What are OPS and OPS+?

OPS and OPS+ Definitions

OPS and OPS+ are statistics used to evaluate offensive performance. OPS simply stands for On Base Plus Slugging, while OPS+ is a scaled version of that same idea. You will see OPS quoted during baseball broadcasts from time to time, as it has become relatively well-known, while OPS+ remains present mostly in the sabermetric community. 

OPS is nothing more than adding together on base percentage and slugging percentage, making it a relatively simple stat, as far as ‘advanced metrics’ are concerned. 

OPS+, on the other hand, is a bit more complex, as it considers park factors and league factors.

While both of these are rate stats, OPS is expressed in raw terms while OPS+ is scaled to 100 as league average. 

The Concept of OPS and OPS+

The concept behind these statistics is that some of the traditional batting statistics – such as batting average and slugging percentage – don’t quite do a good enough job of representing a player’s contributions at the plate. OPS and OPS+ aim to offer a more realistic representation of performance by including elements that are overlooked in basic statistics. 

Let’s walk through an example to see how OPS can offer a more informative look at player performance than something like batting average. During the 2018 season, Jose Altuve and Mike Trout, two of the best players in baseball, had similar batting averages. Altuve batted .316 for the year, while Mike Trout batted .312. 

On those numbers alone, you might be tempted to think that they were similarly productive at the plate, but that was not the case. When looking at OPS, we see Trout well ahead, with a 1.088 mark compared to .837 for Altuve (which is still very good). Trout reached that 1.088 number with a .460 OBP and a .628 SLG. For Altuve, those numbers were .386 OBP and .451 SLG. Thanks to significantly higher numbers in both on base percentage and slugging percentage, Trout was able to set himself apart. In fact, his 1.088 OPS was the highest for any qualifying player during the 2018 season. 

Why are OPS and OPS+ Important?

These are important statistics because they can be thought of as a gateway to advanced statistics. Nearly every baseball fan knows and understands batting average, on base percentage, and slugging percentage. However, getting those fans to make the jump to advanced stats can be difficult. 

Some advanced metrics are hard to understand for even the most dedicated sabermetricians, but with OPS, the intimidation factor is reduced, helping fans take a step away from traditional stats and toward other metrics. In fact, these two stats can work together to help fans make that transition.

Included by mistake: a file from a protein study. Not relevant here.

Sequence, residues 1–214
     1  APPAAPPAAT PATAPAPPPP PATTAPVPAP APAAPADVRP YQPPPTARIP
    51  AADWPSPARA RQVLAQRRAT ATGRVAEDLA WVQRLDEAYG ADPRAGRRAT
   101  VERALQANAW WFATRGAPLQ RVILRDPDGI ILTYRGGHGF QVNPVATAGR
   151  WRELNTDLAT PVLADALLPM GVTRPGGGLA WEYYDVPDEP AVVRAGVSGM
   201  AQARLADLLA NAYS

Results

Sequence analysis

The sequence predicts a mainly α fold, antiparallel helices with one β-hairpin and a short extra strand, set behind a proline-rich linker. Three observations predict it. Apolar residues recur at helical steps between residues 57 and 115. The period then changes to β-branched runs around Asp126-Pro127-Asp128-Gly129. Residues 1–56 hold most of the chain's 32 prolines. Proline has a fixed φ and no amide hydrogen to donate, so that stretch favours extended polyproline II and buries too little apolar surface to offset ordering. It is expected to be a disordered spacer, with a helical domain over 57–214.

For example, someone might get started by learning about OPS. Given that it is simply on base percentage and slugging percentage added together, it should be pretty easy to learn how this stat works. 

From there, introducing OPS+ will be a little easier, and will help the individual pick up the idea of stats that have been scaled to use 100 as league average. There are a number of other stats that work this way, such as wRC+, so getting started with OPS and OPS+ can be helpful. Also, OPS+ includes park and league factors, which is another concept that appears time after time in advanced metrics.

How are OPS and OPS+ Calculated?

For OPS, the calculation could hardly be any easier. As the name indicates, simply add together a player’s on base percentage and slugging percentage to arrive at their OPS. So, if a player has a .350 on base percentage and a .450 slugging percentage, their OPS would be .800. 

With OPS+, things are far more complicated, because of the inclusion of both park and league adjustments. Your best bet is simply to look up this statistic when you would like to use it, which can be found on Baseball Reference. 

What are Good OPS and OPS+ Numbers?

For OPS, anything north of .800 is going to signal a player who has had a good offensive season. Going above .850 will usually put a player within reach of All-Star status, depending on what other skills that player might bring to the table (such as defense and baserunning). Players with an OPS above .900 are some of the best hitters in the game, and those managing to break 1.000 are true superstars. 

When looking at OPS+, the key is to remember that the statistic is scaled to set 100 as league average. So, a player with an OPS+ above 100 is a better than average hitter for that season. Recording an OPS+  above 120 is an excellent effort, and only a few players will be able to get into the 150s and beyond. 

To provide some additional context for these statistics, let’s look at top performances by some of the best hitters in the game. This first chart includes the top ten OPS performances for the 2018 season.

Player OPS
Mike Trout 1.088
Mookie Betts 1.078
J.D. Martinez 1.031
Christian Yelich 1.000
Jose Ramirez .939
Nolan Arenado .935
Alex Bregman .926
Paul Goldschmidt .922
Trevor Story .914
Anthony Rendon .909

Next, let’s look at the top-ten players in OPS+ for the 2018 season. 

Player OPS+
Mike Trout 199
Mookie Betts 186
J.D. Martinez 173
Christian Yelich 164
Alex Bregman 156
Brandon Nimmo 150
Jose Ramirez 150
Manny Machado 146
Matt Carpenter 143
Freddie Freeman 140

What are the Problems with OPS and OPS+?

The glaring problem with OPS is that it values on base percentage and slugging percentage equally, when that should not actually be the case. OBP is significantly more valuable to producing runs than slugging percentage, yet the two are simply added together without any weighting in this calculation. This is one of the motivations behind the development of wOBA, as that statistics properly weights the various components correctly.